Bulldog Reporter’s Faux Pas Shows Why Not to Take Research at Face Value

This lead from a recent Bulldog Reporter case study on business blogging certainly caught my attention:

“Recent research reveals that 64% of American companies will launch their own corporate blogs in 2014, and the average budget for corporate blogging will increase by nearly one-sixth. What’s more, 12% of American companies plan to hire a full-time blogger in 2014.”

Holy cow! Blogging is one of the oldest forms of social media and is not generally considered a high-growth field. In fact, statistically valid research conducted by the University of Massachusetts at Dartmouth over the past several years has documented that about only about one-third of the Fortune 500 and fewer than half of the Inc. 500 have public blogs, and those numbers aren’t growing very fast.  What new research now predicts this kind of mind-blowing growth?

It turns out to be research that’s not very good. A little background checking revealed that the numbers cited by Bulldog Reporter came from a study conducted by a company called DeskAlerts, which makes messaging software for use inside organizations. In a press release, the company summarized its methodology this way: “DeskAlerts asked businesses around the US a single question: what would inspire you to create a corporate blog?”

That’s all. Nothing about how the survey was conducted, who the respondents were or how many people responded. This is kind of critical information to know if you’re going to cite the results in a responsible publication.

From Russia With Love

Rise of corporate bloggingI tried to reach the contact listed on the press release, whose name is Natasha Chudnova. I e-mailed Ms. Chudnova via PRWeb but got no response. I couldn’t find a direct e-mail address for her on the company website or anywhere else. Her LinkedIn profile says she’s in the Russian Federation, which isn’t surprising given that DeskAlerts’ website says that’s where its development is done. The headquarters are listed as being in Alexandria, Va., but when I tried to call the company using the phone number listed on the website, I got a recording saying only that I had reached a voicemail box. The recording didn’t even identify the name of the company.

So I’m having my doubts about the quality of this research. But you don’t have to do any detective work to figure out that these numbers are suspicious. The most obvious question is how DeskAlerts derived so much data from a question that didn’t ask for any? There is simply no way that response to a single verbatim question could be interpreted to reach these stunning conclusions.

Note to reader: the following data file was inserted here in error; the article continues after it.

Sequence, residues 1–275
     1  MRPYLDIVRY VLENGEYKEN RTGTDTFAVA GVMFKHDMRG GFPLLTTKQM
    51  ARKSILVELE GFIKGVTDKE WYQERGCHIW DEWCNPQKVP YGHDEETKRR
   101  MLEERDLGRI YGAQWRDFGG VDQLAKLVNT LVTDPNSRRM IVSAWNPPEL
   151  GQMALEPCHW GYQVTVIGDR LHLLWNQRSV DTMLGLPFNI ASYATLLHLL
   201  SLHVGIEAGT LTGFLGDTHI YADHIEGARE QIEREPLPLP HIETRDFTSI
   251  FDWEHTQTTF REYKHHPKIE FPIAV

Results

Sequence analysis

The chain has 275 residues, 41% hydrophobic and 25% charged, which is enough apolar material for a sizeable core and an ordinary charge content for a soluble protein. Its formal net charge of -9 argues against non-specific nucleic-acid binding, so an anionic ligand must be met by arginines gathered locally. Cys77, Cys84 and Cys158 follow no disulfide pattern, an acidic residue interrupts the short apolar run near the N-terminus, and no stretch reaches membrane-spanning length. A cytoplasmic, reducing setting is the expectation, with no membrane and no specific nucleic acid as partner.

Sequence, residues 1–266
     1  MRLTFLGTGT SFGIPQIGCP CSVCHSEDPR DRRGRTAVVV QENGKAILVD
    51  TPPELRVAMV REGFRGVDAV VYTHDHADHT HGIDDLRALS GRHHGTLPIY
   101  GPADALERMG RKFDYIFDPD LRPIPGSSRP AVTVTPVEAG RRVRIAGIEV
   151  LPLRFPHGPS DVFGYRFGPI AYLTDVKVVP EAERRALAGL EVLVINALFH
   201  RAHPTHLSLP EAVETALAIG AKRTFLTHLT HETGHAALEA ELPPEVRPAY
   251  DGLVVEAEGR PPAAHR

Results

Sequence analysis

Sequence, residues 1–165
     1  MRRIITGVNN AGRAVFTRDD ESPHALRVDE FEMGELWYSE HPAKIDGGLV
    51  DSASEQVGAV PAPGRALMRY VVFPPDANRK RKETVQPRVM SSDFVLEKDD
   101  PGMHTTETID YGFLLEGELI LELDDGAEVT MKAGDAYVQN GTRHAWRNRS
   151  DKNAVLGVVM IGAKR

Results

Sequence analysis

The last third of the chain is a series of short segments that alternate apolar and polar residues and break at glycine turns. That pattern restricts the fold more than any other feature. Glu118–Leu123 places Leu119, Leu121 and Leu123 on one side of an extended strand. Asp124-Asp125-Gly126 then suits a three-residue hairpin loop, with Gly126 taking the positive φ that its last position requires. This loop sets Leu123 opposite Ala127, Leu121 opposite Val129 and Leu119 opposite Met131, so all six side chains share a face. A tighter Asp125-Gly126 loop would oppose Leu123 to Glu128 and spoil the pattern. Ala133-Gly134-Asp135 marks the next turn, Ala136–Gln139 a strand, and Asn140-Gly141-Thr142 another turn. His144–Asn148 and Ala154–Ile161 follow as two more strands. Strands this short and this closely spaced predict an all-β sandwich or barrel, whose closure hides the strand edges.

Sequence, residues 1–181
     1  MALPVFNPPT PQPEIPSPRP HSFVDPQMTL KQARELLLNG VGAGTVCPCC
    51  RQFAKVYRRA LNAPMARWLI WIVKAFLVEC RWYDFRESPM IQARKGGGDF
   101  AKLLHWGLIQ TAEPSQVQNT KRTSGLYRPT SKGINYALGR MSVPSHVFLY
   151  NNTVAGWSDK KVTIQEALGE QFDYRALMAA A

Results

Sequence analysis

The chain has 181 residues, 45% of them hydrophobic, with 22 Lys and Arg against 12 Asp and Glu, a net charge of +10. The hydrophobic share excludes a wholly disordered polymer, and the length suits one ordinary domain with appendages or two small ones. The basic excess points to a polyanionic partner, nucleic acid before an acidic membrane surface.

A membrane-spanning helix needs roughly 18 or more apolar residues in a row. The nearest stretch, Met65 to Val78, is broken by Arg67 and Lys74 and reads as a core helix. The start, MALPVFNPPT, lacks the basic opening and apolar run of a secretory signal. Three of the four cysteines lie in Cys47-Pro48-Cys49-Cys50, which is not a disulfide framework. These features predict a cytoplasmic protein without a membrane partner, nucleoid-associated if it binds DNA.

That’s assuming the question is valid, which it isn’t. A professional researcher would never use a word like “inspire” in a survey because it creates bias. It’s like asking, “What would cause you to take on the drudgery of creating a corporate blog?” The term “you” is also indefinite. Does it refer to the person or the person’s company? Even if the research was conducted over a statistically valid sample, the results would be meaningless if the question was asked that way.

But the most damning evidence that the research is flawed is the data itself. If we accept the UMass research as a baseline, then DeskAlerts is telling us that 100% of American companies will be blogging by the end of this year. Um, no, they won’t. Then there’s the statistic that 12% of companies will hire a full-time blogger in 2014. Given that there are about six million employers in the U.S., this would represent the addition of more than 700,000 skilled jobs to the workforce. If that were true, the President would be holding a press conference to declare victory over unemployment.

Despite all these problems, I don’t blame DeskAlerts for releasing bogus research into the wild or for producing the obligatory infographic above. Bad data is only a problem if people believe it. The real problem is when respected brands like Bulldog Reporter put the badge of legitimacy on information that is so clearly wrong. Publishers owe it to their readers to at least run a basic reality check before validating third-party research, particularly when it’s from an unknown party. Bulldog Reporter publishes a lot of good information, but it dropped the ball on this one.

A Nice Collection of B2B Marketing Stats and Videos

Earnest is a U.K.-based B2B marketing agency that says its mission is, “to chase out the humdrum and bring a lot of love and passion to B2B marketing.” Its work certainly bears out that goal. Earnest’s B2B campaigns have a lot of B2C energy inside them. Its research and how-to presentations on SlideShare are an excellent resource for companies that want to get into content marketing.

Here’s its latest collection of recent trends and statistics: This is the year that was in B2B Marketing crunched. Be sure to check out the links to some of the year’s best B2B videos on slide 37. You can also download the presentation as a PowerPoint if you want to borrow a few of these stats.

Not Dead Yet: Blogging’s Popularity Surges Among F500

There’s no fluff in the press release, so I’ll just excerpt it word for word. Nora Ganim Barnes and her team at the Charlton College of Business Center for Marketing Research at the University of Massachusetts Dartmouth continue to produce some of the most consistent, rigorous and comprehensive research on social media adoption by both small and large businesses. And they’ve been doing it every year since 2008, which makes the trending data particularly useful.

It’s no great surprise that this year’s report shows a broad-based increase in adoption of all types of social media. What is surprising is the sudden popularity of corporate blogs. After stagnating at just above 20% for three years, use of corporate blogs has shot up to 34% of the Fortune 500 in the last two years. That’s nearly a 50% increase.

This comes just as many of the digerati are writing off blogs as yesterday’s news. Maybe the technology isn’t very sexy, but the utility sure is. Blogs are search engine magnets and search is still the killer app for people researching purchases. It will be for a long time. Be careful of dismissing mature technology just because it isn’t cool any more. Did you know that e-mail still has a significantly higher conversion rate than any other B2B Web traffic source?